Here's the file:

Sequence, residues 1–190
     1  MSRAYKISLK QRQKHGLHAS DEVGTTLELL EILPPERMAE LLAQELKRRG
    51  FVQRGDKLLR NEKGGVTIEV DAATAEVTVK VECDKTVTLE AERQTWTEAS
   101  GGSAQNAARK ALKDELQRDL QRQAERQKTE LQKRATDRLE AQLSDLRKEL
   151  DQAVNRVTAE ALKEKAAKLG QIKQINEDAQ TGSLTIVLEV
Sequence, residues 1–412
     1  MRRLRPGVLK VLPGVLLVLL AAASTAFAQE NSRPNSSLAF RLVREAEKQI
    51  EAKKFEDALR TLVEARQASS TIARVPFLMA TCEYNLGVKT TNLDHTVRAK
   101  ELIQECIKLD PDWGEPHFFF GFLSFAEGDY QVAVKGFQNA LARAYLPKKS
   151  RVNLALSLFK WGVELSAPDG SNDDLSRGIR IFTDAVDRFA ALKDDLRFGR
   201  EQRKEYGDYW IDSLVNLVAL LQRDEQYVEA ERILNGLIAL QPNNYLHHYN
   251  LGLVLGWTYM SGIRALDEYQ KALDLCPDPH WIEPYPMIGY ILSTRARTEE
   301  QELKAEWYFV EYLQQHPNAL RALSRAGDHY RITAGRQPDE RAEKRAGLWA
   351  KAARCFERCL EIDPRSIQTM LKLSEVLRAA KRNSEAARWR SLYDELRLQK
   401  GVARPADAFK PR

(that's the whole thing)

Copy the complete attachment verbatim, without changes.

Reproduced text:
Sequence, residues 1–190
     1  MSRAYKISLK QRQKHGLHAS DEVGTTLELL EILPPERMAE LLAQELKRRG
    51  FVQRGDKLLR NEKGGVTIEV DAATAEVTVK VECDKTVTLE AERQTWTEAS
   101  GGSAQNAARK ALKDELQRDL QRQAERQKTE LQKRATDRLE AQLSDLRKEL
   151  DQAVNRVTAE ALKEKAAKLG QIKQINEDAQ TGSLTIVLEV
Sequence, residues 1–412
     1  MRRLRPGVLK VLPGVLLVLL AAASTAFAQE NSRPNSSLAF RLVREAEKQI
    51  EAKKFEDALR TLVEARQASS TIARVPFLMA TCEYNLGVKT TNLDHTVRAK
   101  ELIQECIKLD PDWGEPHFFF GFLSFAEGDY QVAVKGFQNA LARAYLPKKS
   151  RVNLALSLFK WGVELSAPDG SNDDLSRGIR IFTDAVDRFA ALKDDLRFGR
   201  EQRKEYGDYW IDSLVNLVAL LQRDEQYVEA ERILNGLIAL QPNNYLHHYN
   251  LGLVLGWTYM SGIRALDEYQ KALDLCPDPH WIEPYPMIGY ILSTRARTEE
   301  QELKAEWYFV EYLQQHPNAL RALSRAGDHY RITAGRQPDE RAEKRAGLWA
   351  KAARCFERCL EIDPRSIQTM LKLSEVLRAA KRNSEAARWR SLYDELRLQK
   401  GVARPADAFK PR